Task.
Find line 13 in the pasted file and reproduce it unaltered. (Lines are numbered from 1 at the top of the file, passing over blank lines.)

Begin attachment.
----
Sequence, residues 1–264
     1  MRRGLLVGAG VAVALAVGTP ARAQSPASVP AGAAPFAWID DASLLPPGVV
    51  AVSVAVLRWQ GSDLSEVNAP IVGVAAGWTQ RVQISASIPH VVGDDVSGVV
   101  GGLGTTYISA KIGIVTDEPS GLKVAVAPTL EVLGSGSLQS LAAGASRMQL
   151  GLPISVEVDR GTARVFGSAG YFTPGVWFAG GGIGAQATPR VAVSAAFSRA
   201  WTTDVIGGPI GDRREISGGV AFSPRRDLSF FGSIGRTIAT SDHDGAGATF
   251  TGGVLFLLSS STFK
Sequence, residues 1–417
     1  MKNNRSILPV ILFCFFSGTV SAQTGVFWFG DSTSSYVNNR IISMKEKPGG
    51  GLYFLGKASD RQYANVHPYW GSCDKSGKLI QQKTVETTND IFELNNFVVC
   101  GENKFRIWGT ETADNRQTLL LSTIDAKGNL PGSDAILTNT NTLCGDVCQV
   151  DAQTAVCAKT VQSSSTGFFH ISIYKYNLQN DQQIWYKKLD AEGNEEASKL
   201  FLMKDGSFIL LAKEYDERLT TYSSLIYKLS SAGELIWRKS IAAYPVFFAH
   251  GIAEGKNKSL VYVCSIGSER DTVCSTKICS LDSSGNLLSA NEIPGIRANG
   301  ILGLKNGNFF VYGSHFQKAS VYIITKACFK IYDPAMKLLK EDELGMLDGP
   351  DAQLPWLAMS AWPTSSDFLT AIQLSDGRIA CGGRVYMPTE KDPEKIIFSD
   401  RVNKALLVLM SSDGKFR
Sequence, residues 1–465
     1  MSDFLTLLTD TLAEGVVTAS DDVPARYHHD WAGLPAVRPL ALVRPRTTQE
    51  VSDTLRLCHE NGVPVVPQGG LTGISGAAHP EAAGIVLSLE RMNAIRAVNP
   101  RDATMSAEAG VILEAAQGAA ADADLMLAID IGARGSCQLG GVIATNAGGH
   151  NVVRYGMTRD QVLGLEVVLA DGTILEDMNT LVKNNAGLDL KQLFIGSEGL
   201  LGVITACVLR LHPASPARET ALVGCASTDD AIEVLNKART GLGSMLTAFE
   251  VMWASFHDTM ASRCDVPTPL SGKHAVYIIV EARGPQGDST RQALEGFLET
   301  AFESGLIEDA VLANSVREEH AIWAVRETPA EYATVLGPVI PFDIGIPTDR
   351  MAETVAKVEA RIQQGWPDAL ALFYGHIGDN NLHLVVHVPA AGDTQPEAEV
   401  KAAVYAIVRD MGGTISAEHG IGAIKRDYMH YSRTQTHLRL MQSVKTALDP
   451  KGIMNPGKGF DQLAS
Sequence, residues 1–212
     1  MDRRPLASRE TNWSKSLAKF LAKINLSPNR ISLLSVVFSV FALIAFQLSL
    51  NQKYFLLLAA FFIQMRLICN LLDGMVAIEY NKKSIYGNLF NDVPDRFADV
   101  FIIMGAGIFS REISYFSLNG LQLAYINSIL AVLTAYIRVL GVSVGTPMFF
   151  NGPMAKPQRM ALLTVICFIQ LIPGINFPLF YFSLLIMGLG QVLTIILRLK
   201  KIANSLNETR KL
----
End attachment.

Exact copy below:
   201  FLMKDGSFIL LAKEYDERLT TYSSLIYKLS SAGELIWRKS IAAYPVFFAH